L’uomo dai baffi (The Man with Moustaches) was composed during Berners’ years in Rome and was first performed there in 1918 as part of a programme of ‘balli plastici’ for marionettes devised by a young avant-garde painter Fortunato Depero and the poet Gilbert Clavel. Albert Casella conducted and Berners shared the programme with Bartok, Malipiero and Casella himself.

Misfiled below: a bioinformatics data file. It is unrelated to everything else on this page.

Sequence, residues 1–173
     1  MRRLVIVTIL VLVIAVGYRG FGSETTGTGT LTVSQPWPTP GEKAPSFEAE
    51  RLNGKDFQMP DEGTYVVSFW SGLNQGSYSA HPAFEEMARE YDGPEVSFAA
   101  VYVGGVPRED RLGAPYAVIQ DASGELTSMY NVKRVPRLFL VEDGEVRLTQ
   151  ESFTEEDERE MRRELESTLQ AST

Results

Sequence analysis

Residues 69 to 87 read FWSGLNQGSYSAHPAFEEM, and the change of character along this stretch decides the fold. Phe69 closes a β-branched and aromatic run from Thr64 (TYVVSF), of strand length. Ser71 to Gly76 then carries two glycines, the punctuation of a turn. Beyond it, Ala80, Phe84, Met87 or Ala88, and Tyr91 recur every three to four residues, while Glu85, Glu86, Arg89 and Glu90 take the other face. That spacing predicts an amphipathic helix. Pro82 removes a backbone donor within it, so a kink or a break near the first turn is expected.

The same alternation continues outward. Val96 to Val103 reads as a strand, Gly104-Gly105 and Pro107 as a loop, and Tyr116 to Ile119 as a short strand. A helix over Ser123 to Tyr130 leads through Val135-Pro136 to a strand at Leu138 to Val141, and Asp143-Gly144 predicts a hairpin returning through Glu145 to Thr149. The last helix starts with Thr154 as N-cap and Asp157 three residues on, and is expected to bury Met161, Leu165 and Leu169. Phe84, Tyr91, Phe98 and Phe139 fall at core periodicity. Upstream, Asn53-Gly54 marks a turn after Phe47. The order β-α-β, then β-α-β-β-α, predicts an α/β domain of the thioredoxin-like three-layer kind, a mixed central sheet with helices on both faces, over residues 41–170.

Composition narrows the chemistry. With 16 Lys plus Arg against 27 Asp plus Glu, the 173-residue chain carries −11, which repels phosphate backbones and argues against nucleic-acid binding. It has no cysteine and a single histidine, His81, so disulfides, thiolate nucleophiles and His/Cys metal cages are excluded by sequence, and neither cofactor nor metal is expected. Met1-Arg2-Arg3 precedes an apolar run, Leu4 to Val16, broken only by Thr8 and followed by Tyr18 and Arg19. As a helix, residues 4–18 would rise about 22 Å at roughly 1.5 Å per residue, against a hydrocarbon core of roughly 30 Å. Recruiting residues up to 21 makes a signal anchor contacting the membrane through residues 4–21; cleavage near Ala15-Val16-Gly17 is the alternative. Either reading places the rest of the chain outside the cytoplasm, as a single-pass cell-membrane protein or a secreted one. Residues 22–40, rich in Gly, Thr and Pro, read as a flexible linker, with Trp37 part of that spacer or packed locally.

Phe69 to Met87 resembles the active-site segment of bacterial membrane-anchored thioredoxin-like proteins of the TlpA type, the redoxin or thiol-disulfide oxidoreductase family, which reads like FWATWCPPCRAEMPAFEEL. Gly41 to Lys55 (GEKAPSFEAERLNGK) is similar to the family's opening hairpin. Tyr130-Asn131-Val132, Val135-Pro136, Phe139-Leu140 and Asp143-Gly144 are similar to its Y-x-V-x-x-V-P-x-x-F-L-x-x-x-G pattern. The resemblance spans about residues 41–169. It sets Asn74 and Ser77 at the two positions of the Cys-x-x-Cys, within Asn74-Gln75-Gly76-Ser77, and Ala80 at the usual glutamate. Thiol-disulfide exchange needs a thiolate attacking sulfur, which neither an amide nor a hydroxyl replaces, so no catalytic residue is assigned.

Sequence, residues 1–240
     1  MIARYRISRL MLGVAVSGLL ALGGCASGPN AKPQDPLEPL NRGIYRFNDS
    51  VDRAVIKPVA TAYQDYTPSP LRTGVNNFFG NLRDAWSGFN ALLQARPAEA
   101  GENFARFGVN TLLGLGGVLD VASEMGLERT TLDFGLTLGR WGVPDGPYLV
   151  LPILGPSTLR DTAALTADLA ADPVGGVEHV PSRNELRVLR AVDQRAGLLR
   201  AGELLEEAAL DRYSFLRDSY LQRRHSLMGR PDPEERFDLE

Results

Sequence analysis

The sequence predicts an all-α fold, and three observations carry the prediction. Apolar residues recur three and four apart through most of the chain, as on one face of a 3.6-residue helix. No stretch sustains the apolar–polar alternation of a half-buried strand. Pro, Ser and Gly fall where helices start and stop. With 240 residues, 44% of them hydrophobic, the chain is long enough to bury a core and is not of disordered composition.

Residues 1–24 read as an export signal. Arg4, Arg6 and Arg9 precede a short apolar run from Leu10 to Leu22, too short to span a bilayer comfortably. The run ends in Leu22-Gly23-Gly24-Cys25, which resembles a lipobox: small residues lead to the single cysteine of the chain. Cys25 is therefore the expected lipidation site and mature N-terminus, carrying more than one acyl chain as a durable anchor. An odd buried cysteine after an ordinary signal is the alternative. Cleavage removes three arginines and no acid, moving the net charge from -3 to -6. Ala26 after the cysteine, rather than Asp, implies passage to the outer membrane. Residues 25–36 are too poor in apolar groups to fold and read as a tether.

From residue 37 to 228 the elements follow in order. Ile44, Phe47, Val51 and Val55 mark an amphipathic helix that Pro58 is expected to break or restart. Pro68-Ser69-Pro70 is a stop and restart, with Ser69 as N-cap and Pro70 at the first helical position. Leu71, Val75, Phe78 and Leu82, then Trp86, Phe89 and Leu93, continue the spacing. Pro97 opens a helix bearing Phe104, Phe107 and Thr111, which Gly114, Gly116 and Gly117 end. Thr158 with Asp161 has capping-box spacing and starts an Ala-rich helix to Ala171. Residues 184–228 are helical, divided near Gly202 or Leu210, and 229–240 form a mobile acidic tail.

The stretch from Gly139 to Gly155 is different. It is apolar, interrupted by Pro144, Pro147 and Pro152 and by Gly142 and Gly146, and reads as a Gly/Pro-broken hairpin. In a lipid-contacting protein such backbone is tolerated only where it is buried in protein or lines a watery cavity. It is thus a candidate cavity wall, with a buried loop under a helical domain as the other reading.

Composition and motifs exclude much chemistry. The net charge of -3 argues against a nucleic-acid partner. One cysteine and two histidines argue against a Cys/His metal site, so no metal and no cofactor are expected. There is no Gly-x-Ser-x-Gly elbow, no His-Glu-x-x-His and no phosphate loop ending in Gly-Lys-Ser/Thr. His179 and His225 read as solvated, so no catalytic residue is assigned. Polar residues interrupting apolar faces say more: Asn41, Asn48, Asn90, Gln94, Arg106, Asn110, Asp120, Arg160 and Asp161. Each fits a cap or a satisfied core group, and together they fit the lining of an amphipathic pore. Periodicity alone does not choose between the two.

The piece consists of a short suite of five movements. These are ingeniously arranged from solo piano pieces, though now with new titles alluding to the drama. Opening briskly, Strada d’Oro is taken from the second movement of Fragments Psychologique - Le Rire (Laughter). Then follow, in order, arrangements of the Trois Petites Marches Funèbres, originally entitled Pour un homme d’état (For a Statesman), Pour un canari (For a Canary) and Pour une tante à heritage (For a Rich Aunt). The final (and longest) movement, Pioggia di sigarette, was to become Portsmouth Point. The orchestral version of this piece (‘a symphonic sketch after a drawing by Rowlandson’ - which pre-dates Walton’s overture of the same name by seven years) is lost; but was published as a solo piano piece after Berners’ death.